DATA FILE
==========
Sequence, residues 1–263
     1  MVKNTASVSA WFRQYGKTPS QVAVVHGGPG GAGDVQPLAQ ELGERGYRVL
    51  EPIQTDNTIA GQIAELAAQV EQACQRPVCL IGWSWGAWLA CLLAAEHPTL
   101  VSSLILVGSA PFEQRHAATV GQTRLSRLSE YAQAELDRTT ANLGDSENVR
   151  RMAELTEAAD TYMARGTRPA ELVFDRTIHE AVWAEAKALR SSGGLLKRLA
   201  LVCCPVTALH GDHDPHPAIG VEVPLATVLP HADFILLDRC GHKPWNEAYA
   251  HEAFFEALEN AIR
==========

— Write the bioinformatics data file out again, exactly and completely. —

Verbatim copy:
Sequence, residues 1–263
     1  MVKNTASVSA WFRQYGKTPS QVAVVHGGPG GAGDVQPLAQ ELGERGYRVL
    51  EPIQTDNTIA GQIAELAAQV EQACQRPVCL IGWSWGAWLA CLLAAEHPTL
   101  VSSLILVGSA PFEQRHAATV GQTRLSRLSE YAQAELDRTT ANLGDSENVR
   151  RMAELTEAAD TYMARGTRPA ELVFDRTIHE AVWAEAKALR SSGGLLKRLA
   201  LVCCPVTALH GDHDPHPAIG VEVPLATVLP HADFILLDRC GHKPWNEAYA
   251  HEAFFEALEN AIR